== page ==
The general rule in Islamic law concerning the use of force is that it is unlawful. The basis for this goes back to the often quoted verse in the Qur’an that states, “No compulsion is there in religion” (Quran, 2:256). When the Quran and hadith describe force as being legally warranted, they usually warn that God considers pardon and clemency to be the superior course of action.
The Sunni creed that Muslim theologians have taught for the past fourteen centuries to the general masses and at its primary scholarly institutions like the University of al-Qarawiyyin (founded in Fes in 859), and Azhar University (founded in Cairo in 970) — holds that all things in the world are created by God and God alone, in accordance to the Quranic verse “and when thou threwest, it was not thyself that threw, but God threw”(Quran, 8:17). The sound Sunni creed inoculated the majority of the lay community from becoming grave worshipers while visiting graves.
What is important here is that the religious and political authorities responsible for safeguarding religion and society were aware of the situation and left these sites alone. That is, until the 19th century when more militant forms of what became today’s Salafi movements began razing tombs in the Arabian Peninsula on the grounds that they lead to polytheism and declaring anyone in their vicinity a polytheist. Needless to say, the fatwa that were propagated to defend such destruction, as well as those that provide ‘legitimacy’ behind such crimes in today’s Libya, are spurious.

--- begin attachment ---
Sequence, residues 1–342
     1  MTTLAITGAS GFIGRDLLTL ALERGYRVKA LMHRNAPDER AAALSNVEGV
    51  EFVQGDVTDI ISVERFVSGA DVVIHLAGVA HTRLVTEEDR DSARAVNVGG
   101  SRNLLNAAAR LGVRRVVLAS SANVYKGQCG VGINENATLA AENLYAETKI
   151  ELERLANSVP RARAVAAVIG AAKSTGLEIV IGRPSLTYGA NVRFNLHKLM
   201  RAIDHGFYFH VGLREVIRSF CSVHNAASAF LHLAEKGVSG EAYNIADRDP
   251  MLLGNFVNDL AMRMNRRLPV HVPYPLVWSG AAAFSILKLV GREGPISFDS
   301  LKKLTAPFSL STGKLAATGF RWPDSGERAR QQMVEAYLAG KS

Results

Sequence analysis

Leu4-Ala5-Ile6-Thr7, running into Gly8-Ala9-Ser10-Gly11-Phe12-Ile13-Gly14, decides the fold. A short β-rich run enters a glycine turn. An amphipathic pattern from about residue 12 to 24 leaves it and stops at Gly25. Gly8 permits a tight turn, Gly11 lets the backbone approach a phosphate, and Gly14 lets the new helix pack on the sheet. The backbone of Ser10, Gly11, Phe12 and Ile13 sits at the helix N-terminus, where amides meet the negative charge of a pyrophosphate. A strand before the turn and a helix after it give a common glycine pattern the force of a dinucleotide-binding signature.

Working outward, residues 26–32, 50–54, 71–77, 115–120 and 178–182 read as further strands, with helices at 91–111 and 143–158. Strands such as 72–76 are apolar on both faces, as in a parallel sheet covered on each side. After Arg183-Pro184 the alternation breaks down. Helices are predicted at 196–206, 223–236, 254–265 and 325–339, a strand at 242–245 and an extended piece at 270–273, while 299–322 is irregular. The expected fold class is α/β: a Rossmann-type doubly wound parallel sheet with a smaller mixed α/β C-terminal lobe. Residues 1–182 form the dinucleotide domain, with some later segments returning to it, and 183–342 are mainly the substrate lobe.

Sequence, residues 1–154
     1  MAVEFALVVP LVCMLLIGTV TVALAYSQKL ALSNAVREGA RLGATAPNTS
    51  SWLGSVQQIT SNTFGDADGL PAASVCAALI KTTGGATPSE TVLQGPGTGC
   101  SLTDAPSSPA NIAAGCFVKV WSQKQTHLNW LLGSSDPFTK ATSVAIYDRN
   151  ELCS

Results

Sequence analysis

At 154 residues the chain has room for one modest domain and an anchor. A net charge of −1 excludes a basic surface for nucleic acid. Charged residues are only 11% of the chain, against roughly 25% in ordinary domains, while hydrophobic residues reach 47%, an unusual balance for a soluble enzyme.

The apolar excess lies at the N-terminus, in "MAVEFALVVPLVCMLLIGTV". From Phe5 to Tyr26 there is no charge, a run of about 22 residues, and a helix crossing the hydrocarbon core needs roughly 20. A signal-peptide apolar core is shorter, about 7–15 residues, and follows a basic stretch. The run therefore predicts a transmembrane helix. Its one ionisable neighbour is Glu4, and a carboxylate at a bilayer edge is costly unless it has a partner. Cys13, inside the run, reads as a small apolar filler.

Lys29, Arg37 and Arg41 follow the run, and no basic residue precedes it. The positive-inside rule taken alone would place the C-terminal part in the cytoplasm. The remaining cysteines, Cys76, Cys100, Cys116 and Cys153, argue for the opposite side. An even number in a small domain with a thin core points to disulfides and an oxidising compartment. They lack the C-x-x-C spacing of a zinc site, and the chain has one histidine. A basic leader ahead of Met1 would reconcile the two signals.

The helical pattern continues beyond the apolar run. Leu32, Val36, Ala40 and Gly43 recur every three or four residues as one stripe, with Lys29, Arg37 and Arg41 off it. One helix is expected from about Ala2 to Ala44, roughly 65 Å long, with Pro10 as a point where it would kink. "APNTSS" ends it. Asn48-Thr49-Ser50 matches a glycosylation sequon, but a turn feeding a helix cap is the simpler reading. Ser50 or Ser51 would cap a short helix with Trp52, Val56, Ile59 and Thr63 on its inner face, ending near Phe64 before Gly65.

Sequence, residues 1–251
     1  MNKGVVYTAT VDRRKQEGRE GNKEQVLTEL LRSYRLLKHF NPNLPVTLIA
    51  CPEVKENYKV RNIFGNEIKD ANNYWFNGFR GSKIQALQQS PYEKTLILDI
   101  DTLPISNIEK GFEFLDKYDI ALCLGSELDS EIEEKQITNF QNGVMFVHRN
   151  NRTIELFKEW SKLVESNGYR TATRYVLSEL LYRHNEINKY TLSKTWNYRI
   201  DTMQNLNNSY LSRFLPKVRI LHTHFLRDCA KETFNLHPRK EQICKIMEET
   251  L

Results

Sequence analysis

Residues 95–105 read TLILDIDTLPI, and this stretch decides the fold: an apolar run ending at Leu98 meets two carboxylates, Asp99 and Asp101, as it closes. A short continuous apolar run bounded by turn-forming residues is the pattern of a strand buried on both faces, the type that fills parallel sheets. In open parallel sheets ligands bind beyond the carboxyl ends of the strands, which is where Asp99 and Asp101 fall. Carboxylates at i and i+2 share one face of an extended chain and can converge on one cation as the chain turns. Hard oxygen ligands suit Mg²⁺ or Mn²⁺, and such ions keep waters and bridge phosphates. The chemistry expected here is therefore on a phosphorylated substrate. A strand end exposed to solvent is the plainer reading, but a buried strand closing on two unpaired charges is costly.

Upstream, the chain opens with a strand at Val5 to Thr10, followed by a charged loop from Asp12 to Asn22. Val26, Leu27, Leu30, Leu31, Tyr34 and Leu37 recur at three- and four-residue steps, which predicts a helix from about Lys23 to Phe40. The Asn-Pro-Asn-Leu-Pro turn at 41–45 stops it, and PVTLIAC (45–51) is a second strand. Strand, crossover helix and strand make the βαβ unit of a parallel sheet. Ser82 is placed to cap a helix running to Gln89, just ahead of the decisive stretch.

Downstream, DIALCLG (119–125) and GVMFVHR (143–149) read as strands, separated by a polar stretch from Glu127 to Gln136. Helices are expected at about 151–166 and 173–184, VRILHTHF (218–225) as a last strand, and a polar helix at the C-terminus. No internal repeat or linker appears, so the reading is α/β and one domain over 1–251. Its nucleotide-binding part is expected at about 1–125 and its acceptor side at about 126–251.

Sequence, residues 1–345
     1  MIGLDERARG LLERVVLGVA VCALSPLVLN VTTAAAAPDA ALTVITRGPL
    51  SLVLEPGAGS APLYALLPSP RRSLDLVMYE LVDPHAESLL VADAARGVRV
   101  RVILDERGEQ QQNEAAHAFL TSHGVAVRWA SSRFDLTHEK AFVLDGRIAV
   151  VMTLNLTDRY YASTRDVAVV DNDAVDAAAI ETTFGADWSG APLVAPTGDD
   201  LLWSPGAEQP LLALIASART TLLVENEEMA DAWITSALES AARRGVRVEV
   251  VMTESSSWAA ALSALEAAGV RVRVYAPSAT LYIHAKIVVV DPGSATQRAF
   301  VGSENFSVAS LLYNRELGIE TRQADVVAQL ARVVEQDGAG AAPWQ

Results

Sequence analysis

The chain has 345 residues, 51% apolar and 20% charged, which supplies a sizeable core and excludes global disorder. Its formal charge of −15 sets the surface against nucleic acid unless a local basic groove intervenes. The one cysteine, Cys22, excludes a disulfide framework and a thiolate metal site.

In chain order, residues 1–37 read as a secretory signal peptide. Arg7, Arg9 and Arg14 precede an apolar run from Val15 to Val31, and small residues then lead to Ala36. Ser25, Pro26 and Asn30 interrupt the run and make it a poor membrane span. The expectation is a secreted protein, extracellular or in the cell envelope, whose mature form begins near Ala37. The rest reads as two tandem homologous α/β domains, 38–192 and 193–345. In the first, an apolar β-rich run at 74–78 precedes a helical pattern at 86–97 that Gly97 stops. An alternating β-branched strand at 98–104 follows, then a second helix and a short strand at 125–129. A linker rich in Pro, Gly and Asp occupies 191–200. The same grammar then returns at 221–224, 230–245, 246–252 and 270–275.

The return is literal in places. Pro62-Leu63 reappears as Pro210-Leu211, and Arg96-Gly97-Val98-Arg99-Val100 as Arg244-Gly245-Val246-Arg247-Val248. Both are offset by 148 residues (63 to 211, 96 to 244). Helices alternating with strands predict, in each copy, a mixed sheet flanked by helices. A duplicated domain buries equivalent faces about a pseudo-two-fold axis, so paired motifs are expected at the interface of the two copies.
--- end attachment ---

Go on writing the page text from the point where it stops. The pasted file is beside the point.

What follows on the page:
Yesterday, Egypt’s House of Edicts (Dar al-Ifta al-Misriyyah) issued an official statement condemning the attacks against the mosques and tombs of Sheikhs Ahmed al-Zarrouq and Abdel Salam al-Asmar, and which was reaffirmed on the Grand Mufti’s personal web site. Whereas the Egypt’s House of Edicts usually uses sedated language in its fatwas, the text of this fatwa used rare and uncharacteristically strong language, describing the perpetrators of these actions as “criminals,” “renegades,” and “hellhounds.”
These attacks have repercussions that go beyond desecration of physical property: they extend to desecration of Libya’s religious and historical identity and heritage, of Islam’s historical and legal norms, and the sovereignty of the Libyan state. For all people that are concerned about the future of a post-Gaddafi Libya, it is vitally important to promote transparency and firm positions towards the prevention of such violence. There is no religious, nor civil, justification for such wanton use of violence — this needs to be made clear by all authorities. The perpetrators are not only guilty of religious sin, but of crimes, and they need to be held accountable for.
As the Libyan revolution and others continue, religion is going to remain a topic that draws a great deal of attention, particularly concerning its role in public life and policies. Religion can be used for good, or it can be used for evil — and it will be down to the people of these countries to decide what they want in that regard. It can hardly be argued, however, that the revolutionaries of the Arab world deserve more bloodshed and destruction – surely, they fought for something better than this.
(Sheikh Musa Furber a writer for Egypt Independent where this article was published on August 29, 2012)